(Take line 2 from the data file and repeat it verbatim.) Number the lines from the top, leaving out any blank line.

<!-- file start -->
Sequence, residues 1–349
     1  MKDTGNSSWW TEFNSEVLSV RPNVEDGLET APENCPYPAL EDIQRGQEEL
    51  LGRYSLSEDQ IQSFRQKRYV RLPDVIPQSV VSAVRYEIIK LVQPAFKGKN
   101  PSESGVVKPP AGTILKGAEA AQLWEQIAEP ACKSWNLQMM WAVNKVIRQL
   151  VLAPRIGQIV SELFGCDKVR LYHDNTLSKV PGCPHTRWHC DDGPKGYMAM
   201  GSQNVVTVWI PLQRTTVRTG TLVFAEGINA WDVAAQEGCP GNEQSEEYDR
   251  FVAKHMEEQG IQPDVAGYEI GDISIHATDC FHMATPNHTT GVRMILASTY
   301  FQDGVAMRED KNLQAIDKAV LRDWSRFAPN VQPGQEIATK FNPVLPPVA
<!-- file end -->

     1  MKDTGNSSWW TEFNSEVLSV RPNVEDGLET APENCPYPAL EDIQRGQEEL